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6. Additional powers and duties of borough councils.]—(1.) As from the appointed day the power and duty of maintaining any main road existing at the passing of this Act within a borough shall be transferred to the borough council, and the road shall vest in the borough council and shall cease to be a main road.
Appointed Day.-See sect. 33 (1), p. 202, post.
Main Roads Maintenance.-The effect of this provision is to extinguish "main roads" in the county of London. A main road is defined by the Highways and Locomotives (Amendment) Act, 1878, 41 & 42 Vict. c. 77, s. 13 (from which Act the Metropolis was expressly excluded), as a road disturnpiked since December 31st, 1870, and also any road which might be declared to be a main road under sect. 15. The term includes the footways upon or at the sides of the road: Derby County Council v. Matlock Bath U. D. C., 65 L. J. Q. B. 419; 1896, A. C. 315, and cases there cited. By sect. 41 (4), L. G. A., 1888, the provisions of that Act as to main roads were, with the amendments contained in sect. 11, extended to the Metropolis, and the duty of maintaining "main roads" so defined, within the county, was cast upon the L. C. C.
The Government formerly granted to the local highway authorities (ie., the vestries and district boards) one-fourth the total cost; but in the last financial year prior to the coming into operation of the Act of 1888, the Government grant in the Metropolis and throughout England
and Wales was one-half of the total cost. Particulars as to these
Commercial-road East (part)
Mls. fur. yds.
*The L. C. C. in this case pay the actual cost each half-year.
Sect. 11 of the Act of 1888 provided three methods of dealing with these roads:-1. The vestries or district boards as local highway authorities might, within twelve months from 1st April, 1889, claim to retain the power and duty of repairing and maintaining (subsects. 2 and 3), and where such a claim was made the L. C. C. should make an annual payment to be settled by agreement, or, in absence of agreement, such sum as the L. G. B. might determine. 2. The vestry or district board might agree with the L. C. C. to maintain and repair on terms settled between them. 3. The L. C. C. might require the vestry or district board to undertake the maintenance, &c. of any road within their jurisdiction, in which case the amount of the L. C. C.'s contribution was, in default of agreement, to be settled by the L. G. B. (sub-sect. 4), and in those cases in which the local authorities did not elect to retain the management of the roads the Council exercised this power.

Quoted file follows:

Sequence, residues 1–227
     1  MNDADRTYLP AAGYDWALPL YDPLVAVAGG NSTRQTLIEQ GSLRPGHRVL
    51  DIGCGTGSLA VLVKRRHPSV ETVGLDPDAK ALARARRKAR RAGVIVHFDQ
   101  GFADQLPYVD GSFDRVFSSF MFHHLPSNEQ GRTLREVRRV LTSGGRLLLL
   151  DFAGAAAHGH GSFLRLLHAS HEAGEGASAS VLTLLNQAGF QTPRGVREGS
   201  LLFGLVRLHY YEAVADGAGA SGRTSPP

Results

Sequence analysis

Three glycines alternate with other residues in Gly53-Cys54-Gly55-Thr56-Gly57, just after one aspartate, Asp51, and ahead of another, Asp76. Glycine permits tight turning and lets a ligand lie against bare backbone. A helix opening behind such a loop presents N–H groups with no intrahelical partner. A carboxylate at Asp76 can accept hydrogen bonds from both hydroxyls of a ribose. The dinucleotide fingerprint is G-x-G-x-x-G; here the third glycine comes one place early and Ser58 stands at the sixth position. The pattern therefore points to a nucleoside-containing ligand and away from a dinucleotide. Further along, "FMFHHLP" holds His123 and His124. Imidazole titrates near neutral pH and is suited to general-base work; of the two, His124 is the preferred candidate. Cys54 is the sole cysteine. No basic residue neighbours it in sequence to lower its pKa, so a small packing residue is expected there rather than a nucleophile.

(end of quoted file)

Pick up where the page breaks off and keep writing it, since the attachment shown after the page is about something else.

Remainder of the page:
Sect. 15 of the Highways Act, 1878, as applied by sect. 41 of the L. G. A., 1888, enabled the county council-if it was satisfied that any
road specified in an application by a local highway authority ought to be a main road—to make a declaring order accordingly; but no such order was ever made.
Note that no control is reserved to the L. C. C., although under sect. 7 (1) of Lon. G. Act a charge will still fall on the county rate.
6-(2.) Where a highway in a borough is repairable by the London County Council by reason of its being the roadway or footway of a bridge, embankment, or otherwise, the borough council shall, if so required by the county council, undertake the maintenance and repair thereof in consideration of such annual payment by the county council as may from time to time be agreed on, or in default of agreement be finally determined by the Local Government Board, and for the purpose of the undertaking the borough council shall have the same powers and be subject to the same duties and liabilities as if the highway were vested in them.
Embankments, &c.-This transfer can only take place upon the initiative of the L. C. C. It was held in Mayor, &c. of Burnley v. Lancaster County Council (1889), 54 J. P. 279, that scavenging (ie., watering, removing refuse, and scraping) came within the meaning of "maintenance and repair" in sect. 13 of Highways Act, 1878.
Under the Thames Embankment Act, 1862 (25 & 26 Vict. c. 93), s. 22, and the Thames Embankment (North) Act, 1872 (35 & 36 Vict. c. lxvi), ss. 3, 4, 5, and 8, the L. C. C. maintain, manage and control the Victoria Embankment, and maintain, cleanse, and light the roadway thereof, and are empowered to make bye-laws for the protection of the embankment and its ornamental gardens. Similarly with regard to the Albert Embankment under the Thames Embankment (South) Act, 1873 (36 Vict. c. vii), ss. 2 to 5, to the Chelsea Embankment under M. B. W. (Various Powers) Act, 1876 (39 & 40 Vict. c. lxxix), ss. 34— 36, and the London Parks and Works Act, 1887 (50 & 51 Vict. c. 34), ss. 1-3 (a).
Under sect. 3 (viii), L. G. A., 1888, there were transferred to the L. C. C.